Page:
R & R.
Rest and relaxation. (It serves as a much-appreciated break from work and the daily stresses of living abroad.)
Recovery and rejuvenation. (It serves as a much-needed break for our lungs. For a few weeks while we were in Idaho, I didn’t taste the air once!)
Running errands and retail therapy. (I definitely did my share of shopping while I was home. Neon colored running shoes, a brightly colored purse, a rainbow of tops and a raspberry-colored skirt all squished in to my suitcase next to the new tri-barrel curling iron and hot curlers, to make the trip back to the Middle Kingdom.)
But, getting home from being Stateside for a few weeks requires a bit of readjustment.
Of course, there is the unavoidable jet lag. Our original journey was to be twenty-eight hours from wheels-up in Boise to touch-down in Chengdu. After a problem with the plane at LAX and a transfer to a different aircraft, we left Los Angeles over two hours late, which caused a chain of events that pushed our twenty-eight hour trip to closer to thirty-three hours. Wheels finally met tarmac in Chengdu at 2:30AM, meaning we finally fell into bed at 3:30. The good thing about that terrible arrival time was that for the first night, there was no need to fight the sleep. We dropped our suitcases at the door and were asleep as soon as our heads hit the pillows. Too few hours later, my eyes popped open and I was wide-awake. Granted, 8AM is a normal time to roll out of bed on a weekend, but not when it was pushing 4AM before sleep and I were reunited.
I had great plans to battle the tiredness, trying to avoid the lingering effects of cross-hemisphere travel. Needless to say, by noon, I had given up all attempts at starting my week off on a normal schedule. I considered putting more effort into the fight, but then decided one of the great thing about being a grown-up (other than getting to eat frosting straight from the tub without getting in trouble) is I make my own bedtime. If that means the blackout curtains get drawn at noon for a four hour nap, then so be it. A comatose nap I will take! Throughout the rest of that week, I slowly pushed bedtime (and as a consequence, waking time) back later and later. A week of Chengdu under my belt and I was back to a normal sleep pattern!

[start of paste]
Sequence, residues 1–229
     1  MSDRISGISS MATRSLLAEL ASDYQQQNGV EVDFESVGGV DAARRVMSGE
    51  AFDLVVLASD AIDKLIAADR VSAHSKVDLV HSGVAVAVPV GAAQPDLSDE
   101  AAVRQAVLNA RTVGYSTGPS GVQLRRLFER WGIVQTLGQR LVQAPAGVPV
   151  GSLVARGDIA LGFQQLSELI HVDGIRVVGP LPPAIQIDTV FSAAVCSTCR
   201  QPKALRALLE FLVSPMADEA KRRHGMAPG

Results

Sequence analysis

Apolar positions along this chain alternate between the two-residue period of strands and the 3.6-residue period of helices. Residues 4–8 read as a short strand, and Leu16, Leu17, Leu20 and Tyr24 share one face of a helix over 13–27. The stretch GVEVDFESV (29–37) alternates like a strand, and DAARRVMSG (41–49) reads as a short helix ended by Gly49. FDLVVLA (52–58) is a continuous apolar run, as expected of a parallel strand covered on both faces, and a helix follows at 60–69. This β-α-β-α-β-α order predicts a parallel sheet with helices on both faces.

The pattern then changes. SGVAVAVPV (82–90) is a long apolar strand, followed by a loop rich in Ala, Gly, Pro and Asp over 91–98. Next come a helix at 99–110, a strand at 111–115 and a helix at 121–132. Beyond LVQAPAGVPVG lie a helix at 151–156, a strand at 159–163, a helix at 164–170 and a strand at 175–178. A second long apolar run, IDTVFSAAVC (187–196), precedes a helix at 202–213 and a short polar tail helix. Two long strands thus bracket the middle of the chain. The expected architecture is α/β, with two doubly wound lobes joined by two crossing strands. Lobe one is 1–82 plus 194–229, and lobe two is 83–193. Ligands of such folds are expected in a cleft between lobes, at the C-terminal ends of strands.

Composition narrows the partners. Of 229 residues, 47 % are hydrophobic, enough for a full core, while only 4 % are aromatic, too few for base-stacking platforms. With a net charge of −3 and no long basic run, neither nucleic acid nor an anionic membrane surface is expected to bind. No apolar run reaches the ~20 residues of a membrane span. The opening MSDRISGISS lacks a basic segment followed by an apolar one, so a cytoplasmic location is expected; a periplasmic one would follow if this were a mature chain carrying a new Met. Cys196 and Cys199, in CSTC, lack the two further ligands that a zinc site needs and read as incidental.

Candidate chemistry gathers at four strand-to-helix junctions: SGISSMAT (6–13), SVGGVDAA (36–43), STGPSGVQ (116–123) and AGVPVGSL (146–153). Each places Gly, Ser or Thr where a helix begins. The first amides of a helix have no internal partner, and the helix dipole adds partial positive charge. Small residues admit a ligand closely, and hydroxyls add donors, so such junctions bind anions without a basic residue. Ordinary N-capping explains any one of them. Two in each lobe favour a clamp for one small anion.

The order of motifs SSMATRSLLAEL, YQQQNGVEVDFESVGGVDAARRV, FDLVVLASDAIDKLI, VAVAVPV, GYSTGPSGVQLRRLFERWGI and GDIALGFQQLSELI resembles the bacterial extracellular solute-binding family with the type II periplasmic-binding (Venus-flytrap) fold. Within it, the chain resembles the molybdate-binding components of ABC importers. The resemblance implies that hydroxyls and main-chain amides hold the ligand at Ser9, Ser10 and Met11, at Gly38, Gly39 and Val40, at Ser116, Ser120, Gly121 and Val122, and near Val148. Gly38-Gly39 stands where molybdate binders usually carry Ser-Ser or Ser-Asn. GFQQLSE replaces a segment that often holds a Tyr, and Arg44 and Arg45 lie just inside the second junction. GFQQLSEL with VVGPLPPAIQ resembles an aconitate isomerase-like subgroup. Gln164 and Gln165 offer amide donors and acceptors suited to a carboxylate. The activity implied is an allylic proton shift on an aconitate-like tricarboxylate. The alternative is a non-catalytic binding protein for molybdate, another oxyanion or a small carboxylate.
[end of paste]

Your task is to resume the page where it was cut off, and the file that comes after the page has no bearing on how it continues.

It wasn’t the jet lag that was the biggest adjustment coming back though. That one is expected. It was the milk. Yes, you read that right- the milk.
While I was home, I enjoyed a lovely bowl of Marshmallow Ladies each morning. (These are the generic Lucky Charms, officially branded as Marshmallow Maties, but my four-year old niece is convinced they are Ladies, so that is what we go with.) Each morning, after filling my bowl with cereal, I turned to the fridge which always housed several gallons of fresh, 1% milk. This was milk that required refrigeration. This was milk that went bad if left on the cupboard for months (or days, or hours.) This was milk that was a perfect companion to freshly baked chocolate chip cookies.
This was not China-milk.
Over our first eight months in Chengdu, I had gotten used to the taste of boxed-milk. I have a case of it delivered to my house occasionally, which sits on my cupboard. I transfer small boxes of milk to my fridge as needed. This milk is sufficient for topping a bowl of cereal, especially if I drain the excess off the side of the spoon using the edge of the bowl as a guide. It is not a respectable substitute to accompany freshly baked brownies. Needless to say, my taste buds had quickly reverted to their love of American milk upon arrival in the US and the conversion back to boxed milk has been a little rough.
Now, with my sleep schedule back to normal (normal is relative, as I am usually curled up in bed under a pile of blankets by 9PM, giving me a good hour or two of reading time before it’s lamps-out time) and my taste buds realigning to the flavor of never-go-bad milk, I’ve hit the ground running on a variety of projects at work.
Settling in may be done, but it isn’t slated to be long-lasting. The suitcases may be recently stowed in the closet, but they won’t be collecting much more than a light coating of dust. In just two weeks, Thad and I are flying to the Maldives for some highly-anticipated sunshine and blue skies. I’m already planning THAT readjustment period to include soothing a sunburn and cleaning sand from the nooks and crannies of our baggage. And if that’s “readjustment,” I’ll adjust, readjust and then adjust again!